áspédan ţéod

Home | The Peace Maker | test - main | test | Preserving Wood | Housing: Sod Igloo | Chickens: Permaculture Feed | Storing Nails | Security: Analysis of a Mugging | Tengwar | Havamal | Tribal: Tribal Dynamics - Abstract | Alaska: Subsistence Homesteading | Alaska: Agriculture Industry in Alaska | Recipes | Alaska: Major Ag Product Categories | Alaska: Seeds | Tribal: Sacred Enclosures | Model Constitution | Bog Iron | Stock and Drop | Age of Salvage Socities | Child Rearing: In Favor of Sheltering | 4 Billion | Planning for a Post-Oil Economy | Peak Oil and the Problem of Infrastructure | Food Storage | Book List | Oil Press | 100 Items That Disappear First | Cooking Heating and Lighting | Emergency Grain Mill | Outdoor Oven | Hobo Stove | Sharpening | Grain | Growing Feed | Reproductive | Childbirth | Abatis | Self-Sufficiency for Six | Homemade Cosmetics | Dutch Oven | 120/Village | Pests | Brewing | Links | Weapons: Making a Sling | Weapons: Slingshot 1 | Weapons: Slingshot 2 | Weapons: Slingshot 2 | Construction: Building Masonry Cookstoves | Heating: Emergency Wood Heat | Heating: Solar Heating Plan for Any Home | 10 Steps to Localization | Surviving In The City | Tribal: Modern Asatru/Germanic | German Shepherd ears | Alternative Lighting: Plant Oils and Waxes | Enlightened Survivalism | Quarterstaff | How Cheaply We Could Live | Life After The Crash | What To Do? | Survival Steps/Individual Level | 21 Strategies for Creating an Emergency Fund | Where to Live/Collapse Survival | Collapse on a Budget Part I | Collapse Survival on a Budget Part II | Collapse Survival on a Budget Part III | Commandments of Saving Money | Natural Remedies | Household Tips | How To Plan For An Emergency | Coming Collapse: A Community Checklist | Cap and Ball | Emergency Supplies/Kits | How To Prepare for an Emergency | Straw Bale on a Budget | Probable Timeline | Off Road | Storing Gasoline | Urban Invisibility | Pet Health/Nutrition | Zeer Pot | Rabbits | Making Charcoal
Storing Nails

Letter Re: Storing Nails--Important for Preparedness

I was watching a show last night about the Lewis and Clark expedition and something really opened my eyes, Did you know that when the group left a fort or shelter they built they would burn it down when they left do salvage the nails they used. Apparently nails were worth their weight in gold since they were hand made one at a time. This got me to thinking that in the event of TEOTWAWKI or even a couple year collapse that people will still have to build things and repair their homes. So I wondered how many people thought of stockpiling nails or screws in bulk? In my mind nails would be the best option since it does not take more then a rock at worst to nail into wood and most everyone has a hammer. Screws would be a good choice if you had a power source to either run a drill or recharge a battery as most screws for building require a lot of torque to fasten. Home Depot and most improvement store sell these in bulk 40-50 pound plastic containers. In such an event you can be sure that not all lumber is going to be the perfect 2x4 size so I would error on the side of larger nails say 3 to 3 1/2 inch and maybe even get some larger ones [spikes] for fastening larger items. For general repair a good 2 to 2 1/2 inch nail would be fine. Not only would this be a great thing to have but it would also be a great barter item, like I said before everyone needs to build shelter or repair something and in the event of a collapse I doubt they will be able to run down to the local store and buy these things. Also the larger container you buy the cheaper it is per pound. We as contractors buy 100 pound crates and then break them down into smaller buckets to put in the work trailer. If you do decide to go with screws I recommend the torx bit style (star bit) as they do not strip out the bits or the heads like standard phillips, and stock up on replacement bits too. - Brian S.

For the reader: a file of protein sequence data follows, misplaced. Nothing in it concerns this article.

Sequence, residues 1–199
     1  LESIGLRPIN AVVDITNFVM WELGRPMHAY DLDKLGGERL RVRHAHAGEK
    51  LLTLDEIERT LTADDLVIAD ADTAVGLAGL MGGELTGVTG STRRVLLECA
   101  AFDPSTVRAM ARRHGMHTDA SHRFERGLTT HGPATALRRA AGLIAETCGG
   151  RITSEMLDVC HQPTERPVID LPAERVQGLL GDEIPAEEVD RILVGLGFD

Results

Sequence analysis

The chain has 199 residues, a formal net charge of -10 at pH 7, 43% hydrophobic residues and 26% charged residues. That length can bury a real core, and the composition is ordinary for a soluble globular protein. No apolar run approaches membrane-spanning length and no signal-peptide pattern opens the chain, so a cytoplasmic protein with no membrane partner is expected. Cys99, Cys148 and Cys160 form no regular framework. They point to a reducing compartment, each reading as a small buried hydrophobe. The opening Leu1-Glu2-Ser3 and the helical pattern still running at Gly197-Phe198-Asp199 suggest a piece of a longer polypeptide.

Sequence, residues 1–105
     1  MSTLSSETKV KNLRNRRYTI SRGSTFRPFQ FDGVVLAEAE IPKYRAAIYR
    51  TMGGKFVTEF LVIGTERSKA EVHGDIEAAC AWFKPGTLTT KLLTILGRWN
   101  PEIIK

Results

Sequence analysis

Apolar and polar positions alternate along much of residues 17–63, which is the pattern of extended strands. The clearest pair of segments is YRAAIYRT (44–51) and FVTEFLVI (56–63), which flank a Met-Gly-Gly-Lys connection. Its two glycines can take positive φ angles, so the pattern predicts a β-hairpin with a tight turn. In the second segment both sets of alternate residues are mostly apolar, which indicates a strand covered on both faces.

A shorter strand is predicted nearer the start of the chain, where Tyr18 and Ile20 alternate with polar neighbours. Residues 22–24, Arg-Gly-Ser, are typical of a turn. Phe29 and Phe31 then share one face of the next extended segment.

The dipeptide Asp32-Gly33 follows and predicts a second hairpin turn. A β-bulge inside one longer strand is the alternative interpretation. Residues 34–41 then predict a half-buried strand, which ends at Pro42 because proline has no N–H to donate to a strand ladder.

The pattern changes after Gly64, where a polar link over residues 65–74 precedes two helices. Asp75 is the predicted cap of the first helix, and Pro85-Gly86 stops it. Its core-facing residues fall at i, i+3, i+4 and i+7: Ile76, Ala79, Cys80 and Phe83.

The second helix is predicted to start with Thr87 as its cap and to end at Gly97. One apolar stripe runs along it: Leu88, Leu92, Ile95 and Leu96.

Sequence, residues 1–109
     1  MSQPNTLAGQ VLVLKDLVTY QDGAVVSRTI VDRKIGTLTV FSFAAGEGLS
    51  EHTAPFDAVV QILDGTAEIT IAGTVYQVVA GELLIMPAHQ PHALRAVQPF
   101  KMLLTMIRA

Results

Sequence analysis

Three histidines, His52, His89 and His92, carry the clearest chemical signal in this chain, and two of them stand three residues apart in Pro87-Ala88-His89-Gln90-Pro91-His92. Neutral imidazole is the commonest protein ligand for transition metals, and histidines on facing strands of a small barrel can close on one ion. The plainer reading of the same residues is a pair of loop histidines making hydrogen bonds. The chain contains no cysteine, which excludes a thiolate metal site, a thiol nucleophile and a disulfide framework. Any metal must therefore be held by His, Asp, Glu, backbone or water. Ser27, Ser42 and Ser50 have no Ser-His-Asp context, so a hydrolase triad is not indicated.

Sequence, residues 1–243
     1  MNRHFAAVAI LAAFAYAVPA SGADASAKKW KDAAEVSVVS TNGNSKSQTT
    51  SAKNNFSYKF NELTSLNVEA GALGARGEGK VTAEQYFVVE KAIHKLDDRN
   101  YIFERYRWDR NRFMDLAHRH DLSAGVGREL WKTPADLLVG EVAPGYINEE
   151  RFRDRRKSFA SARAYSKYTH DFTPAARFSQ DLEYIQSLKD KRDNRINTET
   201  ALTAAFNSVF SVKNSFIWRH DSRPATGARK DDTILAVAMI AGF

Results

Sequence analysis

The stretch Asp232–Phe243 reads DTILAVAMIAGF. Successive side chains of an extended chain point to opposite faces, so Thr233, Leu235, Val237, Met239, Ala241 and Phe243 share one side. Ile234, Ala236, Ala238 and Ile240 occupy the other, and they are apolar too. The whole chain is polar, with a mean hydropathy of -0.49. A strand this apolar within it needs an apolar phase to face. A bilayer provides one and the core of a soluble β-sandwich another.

JWR Replies: I strongly agree that it is important to stock up on nails, timber spikes (I've found that 8" and 12" are the most useful lengths), power screws (various lengths), and other large fasteners such as lag bolts. As my mentor
Dr. Gary North wrote more than 30 years ago when writing about stocking up for hard times: "Nails: buy a barrel of them. Barrels: buy a barrel of them..."

OBTW, one of my unfulfilled quests in life has been to find a small hardware store that is going out of business and getting to ask the owner: "How much for all of your fasteners?" (Hopefully, at or below their scrap metal value.) That would be quite a coup.